WV Senate Begins Chemical Spill Investigation

WV Senate Begins Chemical Spill Investigation

Almost all of the 300,000 residents in West Virginia who have been affected by the chemical spill have been told the water is safe to drink, but the state Senate’s investigation into the spill continues.

WEST VIRGINIA - Almost all of the 300,000 residents in West Virginia who have been affected by the chemical spill have been told the water is safe to drink, but the state Senate’s investigation into the spill continues.

The legislators leading the investigation met formally for the first time Friday, and what they discovered about the chemical that leaked into the state's largest water supply was shocking.

"The compound [4-methylcyclohexane methanol (MCHM)] is an oil-based compound and it's also flammable,” said West Virginia Senate Majority Leader John Unger. “So if it is oil based, it's going to be hard to really flush it out of the system."

Unger, who heads the Legislative Oversight Commission on State Water Resources, says they also found that the chemical was leaking for at least 15 hours.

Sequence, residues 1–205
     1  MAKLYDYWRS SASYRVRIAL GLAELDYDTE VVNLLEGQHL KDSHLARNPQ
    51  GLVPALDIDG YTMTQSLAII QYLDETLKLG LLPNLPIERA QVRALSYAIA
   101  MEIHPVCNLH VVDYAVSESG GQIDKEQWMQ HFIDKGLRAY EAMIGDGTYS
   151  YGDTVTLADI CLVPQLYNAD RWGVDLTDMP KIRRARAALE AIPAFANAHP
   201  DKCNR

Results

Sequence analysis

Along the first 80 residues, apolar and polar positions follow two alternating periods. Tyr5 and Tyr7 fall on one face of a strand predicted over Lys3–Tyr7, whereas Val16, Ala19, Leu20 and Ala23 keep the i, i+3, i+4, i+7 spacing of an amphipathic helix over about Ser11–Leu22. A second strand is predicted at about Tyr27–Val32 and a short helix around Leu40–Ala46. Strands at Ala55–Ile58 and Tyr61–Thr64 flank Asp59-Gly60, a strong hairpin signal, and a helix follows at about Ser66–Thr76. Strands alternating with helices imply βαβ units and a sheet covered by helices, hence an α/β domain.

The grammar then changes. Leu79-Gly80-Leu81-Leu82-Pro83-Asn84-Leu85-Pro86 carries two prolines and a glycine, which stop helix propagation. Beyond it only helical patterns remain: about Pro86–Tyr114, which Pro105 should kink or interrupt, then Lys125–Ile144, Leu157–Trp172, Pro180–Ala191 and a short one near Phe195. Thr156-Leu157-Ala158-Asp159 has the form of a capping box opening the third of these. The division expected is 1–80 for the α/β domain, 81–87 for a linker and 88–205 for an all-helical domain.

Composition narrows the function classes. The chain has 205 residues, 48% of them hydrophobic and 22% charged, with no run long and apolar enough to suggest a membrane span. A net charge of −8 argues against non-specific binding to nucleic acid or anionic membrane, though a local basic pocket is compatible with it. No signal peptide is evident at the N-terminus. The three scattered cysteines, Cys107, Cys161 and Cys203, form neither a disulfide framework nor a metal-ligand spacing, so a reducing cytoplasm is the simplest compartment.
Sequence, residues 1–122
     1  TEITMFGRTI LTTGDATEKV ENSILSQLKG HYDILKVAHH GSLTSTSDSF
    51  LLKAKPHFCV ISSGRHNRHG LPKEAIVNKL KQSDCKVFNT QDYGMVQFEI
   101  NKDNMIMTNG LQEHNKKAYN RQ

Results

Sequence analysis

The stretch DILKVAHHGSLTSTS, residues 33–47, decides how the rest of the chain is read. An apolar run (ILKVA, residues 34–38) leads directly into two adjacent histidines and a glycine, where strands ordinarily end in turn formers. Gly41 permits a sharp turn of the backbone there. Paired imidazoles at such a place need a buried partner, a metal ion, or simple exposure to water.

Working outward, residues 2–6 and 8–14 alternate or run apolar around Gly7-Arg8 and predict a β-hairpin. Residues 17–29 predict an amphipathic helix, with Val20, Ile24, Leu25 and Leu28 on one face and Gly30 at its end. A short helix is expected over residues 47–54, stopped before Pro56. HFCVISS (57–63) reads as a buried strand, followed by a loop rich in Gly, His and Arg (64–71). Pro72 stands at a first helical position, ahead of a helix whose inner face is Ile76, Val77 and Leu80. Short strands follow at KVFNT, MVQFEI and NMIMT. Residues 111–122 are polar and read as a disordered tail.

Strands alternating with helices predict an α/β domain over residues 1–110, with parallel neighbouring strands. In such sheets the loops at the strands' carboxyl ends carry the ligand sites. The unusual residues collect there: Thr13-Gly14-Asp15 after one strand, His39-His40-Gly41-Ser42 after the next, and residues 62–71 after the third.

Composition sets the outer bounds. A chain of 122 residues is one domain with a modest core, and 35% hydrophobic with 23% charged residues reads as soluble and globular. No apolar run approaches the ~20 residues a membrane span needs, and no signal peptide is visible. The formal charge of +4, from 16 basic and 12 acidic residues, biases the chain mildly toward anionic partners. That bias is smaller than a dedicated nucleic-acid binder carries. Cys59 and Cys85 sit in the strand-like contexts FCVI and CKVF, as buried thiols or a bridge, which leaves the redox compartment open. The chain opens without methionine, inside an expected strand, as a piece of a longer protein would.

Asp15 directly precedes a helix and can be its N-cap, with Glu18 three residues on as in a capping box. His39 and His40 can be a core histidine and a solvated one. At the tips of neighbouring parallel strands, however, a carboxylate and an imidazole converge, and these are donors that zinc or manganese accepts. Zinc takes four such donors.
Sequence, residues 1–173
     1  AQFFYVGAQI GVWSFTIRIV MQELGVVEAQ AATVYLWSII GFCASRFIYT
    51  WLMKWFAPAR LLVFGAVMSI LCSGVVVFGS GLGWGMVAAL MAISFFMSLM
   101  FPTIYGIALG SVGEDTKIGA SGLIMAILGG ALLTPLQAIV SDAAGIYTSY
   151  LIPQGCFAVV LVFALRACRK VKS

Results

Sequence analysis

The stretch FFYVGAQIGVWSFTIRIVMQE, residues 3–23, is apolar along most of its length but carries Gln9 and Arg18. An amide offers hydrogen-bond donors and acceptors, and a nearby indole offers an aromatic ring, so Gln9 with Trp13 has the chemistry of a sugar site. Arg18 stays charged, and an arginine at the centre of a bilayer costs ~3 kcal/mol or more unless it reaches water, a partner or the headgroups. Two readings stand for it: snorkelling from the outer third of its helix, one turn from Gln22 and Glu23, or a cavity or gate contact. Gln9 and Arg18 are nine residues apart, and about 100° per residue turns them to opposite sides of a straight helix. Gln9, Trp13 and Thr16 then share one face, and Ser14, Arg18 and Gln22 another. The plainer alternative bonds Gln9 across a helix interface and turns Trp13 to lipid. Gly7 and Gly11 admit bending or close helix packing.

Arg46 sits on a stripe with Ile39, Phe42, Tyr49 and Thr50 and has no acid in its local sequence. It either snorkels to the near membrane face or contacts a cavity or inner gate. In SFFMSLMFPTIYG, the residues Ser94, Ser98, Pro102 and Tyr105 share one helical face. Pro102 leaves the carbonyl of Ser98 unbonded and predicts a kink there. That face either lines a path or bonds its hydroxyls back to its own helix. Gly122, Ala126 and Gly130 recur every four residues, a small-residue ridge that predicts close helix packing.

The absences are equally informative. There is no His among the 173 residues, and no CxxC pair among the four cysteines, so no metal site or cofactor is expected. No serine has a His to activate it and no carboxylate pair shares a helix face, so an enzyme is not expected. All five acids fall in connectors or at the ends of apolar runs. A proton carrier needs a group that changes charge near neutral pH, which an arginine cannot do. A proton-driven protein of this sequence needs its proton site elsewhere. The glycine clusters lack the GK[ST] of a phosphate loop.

The company responsible for the spill, Freedom Industries, filed for bankruptcy Friday, and now legislators are scrutinizing their every move to find out how this disaster happened.

"Freedom Industries has filed for bankruptcy at this point, which limits what one can do as far as getting compensated or financial damages from that particular company,” said Unger.

Unger has introduced a bill designed to prevent another disaster like this from happening in the future. It would give the water commission more oversight to protect West Virginia’s water supplies.

"It allows for better measurement of [water], it also allows for more oversight of water resources to look at what's out there and what could potentially pollute our water resources, and it also allows the commission to thoroughly investigate incidents such as…chemical spills."

Senate Bill 373 would also allow legislators to put in provisions that improve responses to this type of disaster. It's something Senator Unger says the Eastern Panhandle and whole state will benefit from.

"Could this happen to us? We can't answer that with the affirmative. We don't know in the sense of could it be protected until we put these provisions in place,” said Unger.

To read Senate Bill 373 click here

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